I don't usually blog about Reference books, because you can't check them out and take them home, so why tempt you? But I'm making an exception here, since the book in question is so interesting and useful it's a shame not to let everyone know about it.
Exploring Alaska & British Columbia by Stephen E. Hilson is actually a reprint of a 1997 follow-up to his first historical reference atlas: Exploring Puget Sound & British Columbia (which we've had in the Reference collection since it's publication in 1975). These are NOT nautical atlases for navigation purposes, although Hilson did use actual 1970's-era NOAA and CHS charts as the 'backdrop' for his information. Instead, these pages are full of little historical tidbits: old gold mines, village sites, plane crashes, shipwrecks, canneries, etc.
Looking over this atlas is a little like sailing around Southeast with your old grandfather, as he points out things that used to be. 'On Oct. 26, 1947 a Pan Am DC-4 crashed on Tamgas Mt and all 18 people aboard died' . Or, 'There's a natural soda spring just at the head of Ella Creek that gets exposed at half tide'. Or 'Over there is where Scotty Johnstone had his fox farm. His boats all sank in the winter of '29, and he had to eat Christmas candy and fox food to survive until someone from Ketchikan came over to check on him'.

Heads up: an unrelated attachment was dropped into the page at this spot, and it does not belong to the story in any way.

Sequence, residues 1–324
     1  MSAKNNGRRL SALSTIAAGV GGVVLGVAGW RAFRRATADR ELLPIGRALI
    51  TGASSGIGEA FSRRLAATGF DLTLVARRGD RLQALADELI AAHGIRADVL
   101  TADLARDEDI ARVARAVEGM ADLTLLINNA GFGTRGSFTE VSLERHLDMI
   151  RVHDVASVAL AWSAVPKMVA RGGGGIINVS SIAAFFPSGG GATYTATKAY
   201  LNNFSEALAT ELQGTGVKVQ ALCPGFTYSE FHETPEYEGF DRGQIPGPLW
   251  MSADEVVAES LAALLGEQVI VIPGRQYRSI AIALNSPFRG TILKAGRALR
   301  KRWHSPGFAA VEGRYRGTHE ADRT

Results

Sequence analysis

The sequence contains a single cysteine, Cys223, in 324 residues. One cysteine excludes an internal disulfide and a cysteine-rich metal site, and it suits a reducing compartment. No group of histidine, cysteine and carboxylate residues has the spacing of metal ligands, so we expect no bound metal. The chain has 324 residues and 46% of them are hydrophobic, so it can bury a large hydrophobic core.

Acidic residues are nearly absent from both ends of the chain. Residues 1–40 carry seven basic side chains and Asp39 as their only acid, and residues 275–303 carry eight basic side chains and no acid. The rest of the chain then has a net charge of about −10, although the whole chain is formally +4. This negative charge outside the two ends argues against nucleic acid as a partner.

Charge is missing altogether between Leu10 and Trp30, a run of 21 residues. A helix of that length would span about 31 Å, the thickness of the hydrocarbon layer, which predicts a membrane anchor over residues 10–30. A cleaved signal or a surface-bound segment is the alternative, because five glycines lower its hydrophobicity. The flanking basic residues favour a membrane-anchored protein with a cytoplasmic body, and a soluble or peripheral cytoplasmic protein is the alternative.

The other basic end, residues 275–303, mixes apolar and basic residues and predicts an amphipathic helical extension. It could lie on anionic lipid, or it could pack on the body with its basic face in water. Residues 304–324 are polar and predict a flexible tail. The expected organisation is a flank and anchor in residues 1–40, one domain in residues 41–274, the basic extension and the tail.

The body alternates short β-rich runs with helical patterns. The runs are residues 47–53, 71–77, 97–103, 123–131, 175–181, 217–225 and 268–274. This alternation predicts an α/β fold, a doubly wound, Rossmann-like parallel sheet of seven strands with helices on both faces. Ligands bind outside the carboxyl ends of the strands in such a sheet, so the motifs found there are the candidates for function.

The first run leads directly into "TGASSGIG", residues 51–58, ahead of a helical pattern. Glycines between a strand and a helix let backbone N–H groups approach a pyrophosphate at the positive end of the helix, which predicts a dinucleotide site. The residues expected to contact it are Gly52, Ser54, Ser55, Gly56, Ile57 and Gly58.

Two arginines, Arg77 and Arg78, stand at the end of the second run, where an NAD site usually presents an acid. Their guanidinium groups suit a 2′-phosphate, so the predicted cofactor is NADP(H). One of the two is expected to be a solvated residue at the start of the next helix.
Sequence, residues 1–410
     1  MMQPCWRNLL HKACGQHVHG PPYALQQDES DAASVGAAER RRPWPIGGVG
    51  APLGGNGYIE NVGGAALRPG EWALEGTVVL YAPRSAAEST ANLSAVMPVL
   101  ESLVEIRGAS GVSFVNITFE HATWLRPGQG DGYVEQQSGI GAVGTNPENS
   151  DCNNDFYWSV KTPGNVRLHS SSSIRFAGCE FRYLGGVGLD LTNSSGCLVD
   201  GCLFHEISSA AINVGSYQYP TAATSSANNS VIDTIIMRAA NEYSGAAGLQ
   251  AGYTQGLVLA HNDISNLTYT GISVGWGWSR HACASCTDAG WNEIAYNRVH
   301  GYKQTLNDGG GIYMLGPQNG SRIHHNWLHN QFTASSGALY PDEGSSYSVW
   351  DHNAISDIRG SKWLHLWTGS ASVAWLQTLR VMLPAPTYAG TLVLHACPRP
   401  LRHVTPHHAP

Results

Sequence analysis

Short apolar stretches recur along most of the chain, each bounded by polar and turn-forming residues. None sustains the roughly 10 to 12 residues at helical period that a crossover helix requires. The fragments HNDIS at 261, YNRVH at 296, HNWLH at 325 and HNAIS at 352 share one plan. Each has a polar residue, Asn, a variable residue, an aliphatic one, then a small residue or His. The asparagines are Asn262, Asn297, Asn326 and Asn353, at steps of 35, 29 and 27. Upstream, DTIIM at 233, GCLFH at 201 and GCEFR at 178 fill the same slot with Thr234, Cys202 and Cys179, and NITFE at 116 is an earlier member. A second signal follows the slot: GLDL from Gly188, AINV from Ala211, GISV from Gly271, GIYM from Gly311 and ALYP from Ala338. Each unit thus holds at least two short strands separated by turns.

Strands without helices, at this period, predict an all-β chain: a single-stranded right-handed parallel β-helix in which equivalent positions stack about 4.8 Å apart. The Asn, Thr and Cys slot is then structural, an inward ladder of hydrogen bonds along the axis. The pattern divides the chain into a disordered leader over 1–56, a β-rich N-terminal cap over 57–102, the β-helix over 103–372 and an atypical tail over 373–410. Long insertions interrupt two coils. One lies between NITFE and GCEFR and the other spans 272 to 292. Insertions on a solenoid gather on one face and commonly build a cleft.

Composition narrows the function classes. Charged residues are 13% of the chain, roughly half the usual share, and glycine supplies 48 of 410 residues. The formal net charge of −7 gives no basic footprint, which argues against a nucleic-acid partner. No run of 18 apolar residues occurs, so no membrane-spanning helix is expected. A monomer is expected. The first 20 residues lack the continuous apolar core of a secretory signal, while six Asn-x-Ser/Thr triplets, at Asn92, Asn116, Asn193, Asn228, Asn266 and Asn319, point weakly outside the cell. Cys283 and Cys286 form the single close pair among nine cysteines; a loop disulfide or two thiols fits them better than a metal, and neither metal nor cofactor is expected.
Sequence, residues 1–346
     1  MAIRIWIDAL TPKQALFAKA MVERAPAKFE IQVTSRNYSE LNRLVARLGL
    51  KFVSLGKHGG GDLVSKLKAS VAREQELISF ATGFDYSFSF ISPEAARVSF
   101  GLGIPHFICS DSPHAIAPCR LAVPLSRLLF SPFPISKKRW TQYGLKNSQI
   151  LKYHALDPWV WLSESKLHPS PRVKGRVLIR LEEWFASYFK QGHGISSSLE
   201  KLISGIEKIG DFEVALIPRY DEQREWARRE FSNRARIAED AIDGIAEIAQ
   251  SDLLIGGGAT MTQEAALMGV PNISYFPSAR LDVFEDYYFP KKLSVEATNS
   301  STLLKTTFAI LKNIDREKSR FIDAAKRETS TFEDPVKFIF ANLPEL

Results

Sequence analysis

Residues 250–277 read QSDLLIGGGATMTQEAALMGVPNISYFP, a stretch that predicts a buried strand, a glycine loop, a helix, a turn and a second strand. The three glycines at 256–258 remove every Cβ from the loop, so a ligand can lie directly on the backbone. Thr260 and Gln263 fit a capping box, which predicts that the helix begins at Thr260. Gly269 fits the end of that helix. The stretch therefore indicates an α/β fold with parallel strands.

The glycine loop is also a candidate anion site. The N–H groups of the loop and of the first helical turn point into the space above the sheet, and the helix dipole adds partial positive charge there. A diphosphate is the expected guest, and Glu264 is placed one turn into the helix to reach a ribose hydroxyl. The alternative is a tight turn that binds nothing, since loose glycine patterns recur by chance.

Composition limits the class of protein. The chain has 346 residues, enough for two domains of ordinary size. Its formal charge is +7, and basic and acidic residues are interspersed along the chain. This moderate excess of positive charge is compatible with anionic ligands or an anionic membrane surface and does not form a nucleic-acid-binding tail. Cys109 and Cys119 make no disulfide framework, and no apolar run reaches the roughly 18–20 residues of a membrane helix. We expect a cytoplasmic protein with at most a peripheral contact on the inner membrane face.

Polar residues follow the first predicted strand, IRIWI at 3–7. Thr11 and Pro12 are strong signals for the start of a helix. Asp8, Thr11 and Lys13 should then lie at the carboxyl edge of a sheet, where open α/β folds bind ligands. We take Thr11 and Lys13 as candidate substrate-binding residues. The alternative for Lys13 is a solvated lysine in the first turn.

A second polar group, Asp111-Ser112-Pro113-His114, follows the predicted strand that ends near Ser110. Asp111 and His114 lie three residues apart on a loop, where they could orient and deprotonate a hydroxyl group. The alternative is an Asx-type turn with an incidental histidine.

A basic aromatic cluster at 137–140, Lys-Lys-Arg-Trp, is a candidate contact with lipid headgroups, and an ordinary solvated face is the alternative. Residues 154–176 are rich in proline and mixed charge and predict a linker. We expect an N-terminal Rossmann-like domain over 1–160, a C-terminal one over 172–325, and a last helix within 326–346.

So if you're looking for a little historical information about the area, if you're in search of old mines or canneries, if you had a relative who had a fox farm but you're not sure where (apparently, our area was just awash in fox farms), or if you're just planning on taking the boat out to do a little exploring and you're looking for points of interest....then copy off a couple of pages and take them along on your trip.